D20Site: The Siege Perilous

In the Year of Our Lord 517, Arthur, son of Uther Pendragon and Ygraine of Cornwall, pulled his father's sword from the stone in the ancient hill fort at Camelud not far from the old abbey at Glastonbury Tor. By removing the sword — as so many had tried but failed — Arthur revealed himself to be the True King of the Britons.

Several years have passed since then. Years of civil war and years of border wars. Arthur is still a young man, leader of the most powerful war band in the country. The Warriors of the Way are mounted men, fighting with lance and long sword. They are sworn to uphold the law and mete out justice. They sit in council as equals to advise the king, and they have taken to calling themselves cnyhts — an old word that means servant, for they are the servants of the king's justice.

Over the years of his rule, Arthur has repaired and fortified the old stone fort at Camelud. A small town has grown up around the walls, all contained within a wooden palisade. The wooden walls and the stone are painted white and can be seen on the hill for miles around. It is the capitol city of Arthur's kingdom — what is left of Britain in the West. To the East the Saxons threaten. Welsh tribes are to the north across the Severn Sea. And the Francs raid continuously along the shores to the south.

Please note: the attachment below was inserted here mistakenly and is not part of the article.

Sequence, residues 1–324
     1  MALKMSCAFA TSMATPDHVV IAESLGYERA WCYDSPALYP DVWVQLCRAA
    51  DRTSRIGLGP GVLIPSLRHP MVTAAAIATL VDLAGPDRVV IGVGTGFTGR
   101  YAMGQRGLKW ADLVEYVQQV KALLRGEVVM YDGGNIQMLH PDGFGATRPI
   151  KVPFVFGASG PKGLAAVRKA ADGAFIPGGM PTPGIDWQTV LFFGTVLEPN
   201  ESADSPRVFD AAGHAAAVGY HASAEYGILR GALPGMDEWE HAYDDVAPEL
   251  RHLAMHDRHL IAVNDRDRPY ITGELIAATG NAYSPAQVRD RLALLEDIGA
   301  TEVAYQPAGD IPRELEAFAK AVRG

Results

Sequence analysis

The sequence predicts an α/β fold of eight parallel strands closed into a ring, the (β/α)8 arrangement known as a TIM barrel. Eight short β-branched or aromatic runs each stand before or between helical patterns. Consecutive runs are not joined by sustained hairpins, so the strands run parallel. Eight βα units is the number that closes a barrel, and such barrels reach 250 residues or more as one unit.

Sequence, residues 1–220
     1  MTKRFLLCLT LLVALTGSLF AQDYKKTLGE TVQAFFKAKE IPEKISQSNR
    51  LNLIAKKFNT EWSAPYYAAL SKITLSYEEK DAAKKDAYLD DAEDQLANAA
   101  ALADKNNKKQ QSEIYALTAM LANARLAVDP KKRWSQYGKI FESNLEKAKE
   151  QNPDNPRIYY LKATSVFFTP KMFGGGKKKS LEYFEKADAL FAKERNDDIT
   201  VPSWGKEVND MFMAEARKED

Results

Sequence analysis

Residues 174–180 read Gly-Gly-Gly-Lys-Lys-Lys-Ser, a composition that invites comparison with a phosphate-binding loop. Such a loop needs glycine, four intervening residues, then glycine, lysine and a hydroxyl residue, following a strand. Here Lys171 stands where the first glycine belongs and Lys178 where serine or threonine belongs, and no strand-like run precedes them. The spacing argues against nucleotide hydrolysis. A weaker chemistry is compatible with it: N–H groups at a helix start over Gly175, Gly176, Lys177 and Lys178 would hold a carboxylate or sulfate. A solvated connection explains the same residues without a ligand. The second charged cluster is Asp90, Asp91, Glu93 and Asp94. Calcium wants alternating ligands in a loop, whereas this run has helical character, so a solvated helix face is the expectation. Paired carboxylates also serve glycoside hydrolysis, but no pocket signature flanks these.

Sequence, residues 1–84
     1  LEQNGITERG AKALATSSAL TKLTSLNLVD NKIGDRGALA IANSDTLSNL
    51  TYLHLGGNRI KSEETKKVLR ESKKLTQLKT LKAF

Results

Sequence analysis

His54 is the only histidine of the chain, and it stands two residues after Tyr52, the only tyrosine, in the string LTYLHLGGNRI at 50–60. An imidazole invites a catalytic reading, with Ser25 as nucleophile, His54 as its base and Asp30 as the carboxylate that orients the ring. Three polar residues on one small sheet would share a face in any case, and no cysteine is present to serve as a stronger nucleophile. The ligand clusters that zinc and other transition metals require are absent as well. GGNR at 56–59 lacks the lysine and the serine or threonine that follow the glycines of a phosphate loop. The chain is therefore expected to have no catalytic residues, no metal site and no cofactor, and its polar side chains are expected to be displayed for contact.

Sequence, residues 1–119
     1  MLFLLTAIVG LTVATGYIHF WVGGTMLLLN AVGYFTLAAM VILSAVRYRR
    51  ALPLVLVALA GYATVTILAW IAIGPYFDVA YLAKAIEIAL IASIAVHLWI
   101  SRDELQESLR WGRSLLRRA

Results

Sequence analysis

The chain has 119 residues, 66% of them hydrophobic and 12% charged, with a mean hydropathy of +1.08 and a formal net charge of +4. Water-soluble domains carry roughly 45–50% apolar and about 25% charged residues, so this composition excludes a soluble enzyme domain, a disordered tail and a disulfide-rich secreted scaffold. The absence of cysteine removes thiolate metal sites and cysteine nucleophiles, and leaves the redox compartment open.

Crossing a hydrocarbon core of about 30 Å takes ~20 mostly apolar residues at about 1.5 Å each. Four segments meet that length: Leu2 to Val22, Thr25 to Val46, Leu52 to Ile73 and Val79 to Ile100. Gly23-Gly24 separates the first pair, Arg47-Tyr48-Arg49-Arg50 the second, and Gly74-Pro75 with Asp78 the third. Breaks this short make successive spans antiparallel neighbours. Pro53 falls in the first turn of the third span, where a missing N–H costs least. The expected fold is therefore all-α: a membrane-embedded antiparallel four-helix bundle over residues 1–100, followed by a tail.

Although his kingdom is shrinking and will one day be no more than legend, right now, in the early years of the sixth century, Camelud is an important, independent city in the British Isles. Envoys and supplicants, petitioners and justice seekers find their way here every day to speak with the king, or the wizard who stands at his shoulder. The come to win influence, to seek favors, to learn new arts, or just to see — and on day tell the tales of the Court of King Arthur and his Knights.

Each of the Player Characters is arriving at Camelud this day. It is the second Thursday after Easter — at the very beginning of the New Year — the ninth year of King Arthur's rule in the year 526 Anno Domini as the Roman Church reckons such things.

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